‘Some Distant Shore’ Bill Booth - Americana folk rock, observational poetry and Celtic-influenced narrative(June 29, 2017)
The musical menu created by Bill Booth has been on my radar for many years. And in all that time his mix of Americana folk rock, observational poetry and Celtic-influenced narrative has never wavered in its all absorbing attraction. The latest incarnation of expression comes with a new album ‘Some Distant Shore’ due for UK release on July 31, 2017. Returning towards the influences of New England’s folk roots ‘Some Distant Shore’ pulls together inspirations from its mixture of Irish, English and Scottish immigration, to create an album inspired musically and lyrically by those powerful enduring roots.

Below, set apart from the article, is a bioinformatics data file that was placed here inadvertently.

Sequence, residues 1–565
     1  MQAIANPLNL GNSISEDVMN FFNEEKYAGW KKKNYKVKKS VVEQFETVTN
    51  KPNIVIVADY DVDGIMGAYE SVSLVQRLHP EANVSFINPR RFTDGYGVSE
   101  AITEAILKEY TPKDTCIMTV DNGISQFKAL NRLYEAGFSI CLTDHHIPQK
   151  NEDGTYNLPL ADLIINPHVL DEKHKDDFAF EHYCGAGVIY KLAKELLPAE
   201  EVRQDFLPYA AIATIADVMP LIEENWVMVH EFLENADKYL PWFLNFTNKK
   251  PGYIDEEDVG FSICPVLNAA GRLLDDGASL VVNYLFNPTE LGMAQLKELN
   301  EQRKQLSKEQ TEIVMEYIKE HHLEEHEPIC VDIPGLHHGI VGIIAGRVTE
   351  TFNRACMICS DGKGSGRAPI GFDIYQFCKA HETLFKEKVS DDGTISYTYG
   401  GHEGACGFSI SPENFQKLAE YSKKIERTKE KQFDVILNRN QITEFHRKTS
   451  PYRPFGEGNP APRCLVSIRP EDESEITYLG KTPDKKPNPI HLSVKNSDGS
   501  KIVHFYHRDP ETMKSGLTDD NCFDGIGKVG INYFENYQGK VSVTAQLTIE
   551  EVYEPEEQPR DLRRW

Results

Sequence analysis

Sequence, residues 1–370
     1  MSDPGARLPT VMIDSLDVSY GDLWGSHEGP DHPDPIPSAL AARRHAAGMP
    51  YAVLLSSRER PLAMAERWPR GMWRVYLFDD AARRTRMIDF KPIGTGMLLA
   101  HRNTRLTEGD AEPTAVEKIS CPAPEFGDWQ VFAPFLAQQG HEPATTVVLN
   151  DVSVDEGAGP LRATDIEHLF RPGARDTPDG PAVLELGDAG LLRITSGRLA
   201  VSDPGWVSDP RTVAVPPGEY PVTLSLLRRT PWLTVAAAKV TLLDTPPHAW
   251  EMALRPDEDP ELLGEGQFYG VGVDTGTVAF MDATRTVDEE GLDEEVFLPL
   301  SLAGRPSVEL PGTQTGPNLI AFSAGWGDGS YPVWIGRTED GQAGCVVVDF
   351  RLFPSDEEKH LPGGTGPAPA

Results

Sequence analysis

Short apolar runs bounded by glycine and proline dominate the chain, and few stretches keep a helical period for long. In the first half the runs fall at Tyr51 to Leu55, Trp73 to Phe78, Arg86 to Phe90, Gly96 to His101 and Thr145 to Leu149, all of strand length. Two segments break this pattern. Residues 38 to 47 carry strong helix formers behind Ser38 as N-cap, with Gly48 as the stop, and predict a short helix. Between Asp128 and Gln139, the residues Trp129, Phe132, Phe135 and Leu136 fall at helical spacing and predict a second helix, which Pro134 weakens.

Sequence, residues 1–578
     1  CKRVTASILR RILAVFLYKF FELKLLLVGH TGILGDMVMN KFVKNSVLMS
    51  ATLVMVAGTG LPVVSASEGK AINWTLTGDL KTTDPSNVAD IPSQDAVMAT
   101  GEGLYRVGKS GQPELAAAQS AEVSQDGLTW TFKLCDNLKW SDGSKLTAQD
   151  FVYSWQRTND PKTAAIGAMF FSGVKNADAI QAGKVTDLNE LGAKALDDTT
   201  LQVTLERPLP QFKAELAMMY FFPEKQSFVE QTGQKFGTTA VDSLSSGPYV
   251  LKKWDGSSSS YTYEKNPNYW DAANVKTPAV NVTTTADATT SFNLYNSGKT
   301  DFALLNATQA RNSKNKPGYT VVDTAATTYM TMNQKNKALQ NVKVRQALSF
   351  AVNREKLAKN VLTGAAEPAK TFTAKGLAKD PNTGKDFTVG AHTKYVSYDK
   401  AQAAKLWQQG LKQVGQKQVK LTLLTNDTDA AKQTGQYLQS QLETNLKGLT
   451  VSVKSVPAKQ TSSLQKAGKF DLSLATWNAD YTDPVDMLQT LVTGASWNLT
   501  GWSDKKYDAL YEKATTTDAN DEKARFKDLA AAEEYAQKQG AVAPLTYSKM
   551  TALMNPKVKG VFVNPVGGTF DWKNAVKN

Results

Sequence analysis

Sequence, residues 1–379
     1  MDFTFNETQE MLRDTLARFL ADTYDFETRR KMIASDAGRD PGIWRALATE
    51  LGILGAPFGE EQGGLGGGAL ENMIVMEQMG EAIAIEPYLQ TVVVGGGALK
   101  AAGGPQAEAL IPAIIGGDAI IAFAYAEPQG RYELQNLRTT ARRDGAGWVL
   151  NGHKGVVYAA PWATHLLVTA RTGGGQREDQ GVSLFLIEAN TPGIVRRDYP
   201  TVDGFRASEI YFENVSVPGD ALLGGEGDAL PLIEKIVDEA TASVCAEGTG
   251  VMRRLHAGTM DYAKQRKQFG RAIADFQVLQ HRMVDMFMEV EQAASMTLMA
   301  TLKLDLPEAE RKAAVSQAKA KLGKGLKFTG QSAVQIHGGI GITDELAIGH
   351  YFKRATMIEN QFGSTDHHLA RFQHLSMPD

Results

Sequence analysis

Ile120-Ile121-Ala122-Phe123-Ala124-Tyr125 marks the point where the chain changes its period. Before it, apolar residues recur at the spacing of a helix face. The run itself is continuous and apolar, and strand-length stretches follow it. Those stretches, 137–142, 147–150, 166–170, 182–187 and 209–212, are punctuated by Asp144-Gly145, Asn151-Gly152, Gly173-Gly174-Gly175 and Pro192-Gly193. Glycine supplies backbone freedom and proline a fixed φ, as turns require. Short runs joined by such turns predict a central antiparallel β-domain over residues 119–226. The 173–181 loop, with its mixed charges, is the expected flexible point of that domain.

The songs tell tales and record experiences they take the listener to places that Booth knows so well. That knowledge is shared through the ten tracks on this album, each one a small tribute to the inspiration that became their genesis. From the tribute to those men that left their native land with ‘Wild Geese’ through the deep-seated longing for another world in ‘Cliffs of Dover’ to the lonely call of the working man in ‘Down I Climb’, this is raw, revealing music; you will find reflective honesty in ‘Molly McKeen’, accusations and sorrow in ‘City of Rubble’ and stark reality in ‘Raising Cane’.
‘Some Distant Shore’ features Bill Booth (vocals, guitar, mandolin, fiddle) Alexander Pettersen, (drums, percussion) Bill Troiani (bass, backing vocal) Paul Mckernan (uillean pipes, flute) Egoan Olsen (backing vocal) Paul Kirby (banjo, backing vocals) and Eddy ‘Knerten’ Lyshaug (accordion).
Review: Tom Franks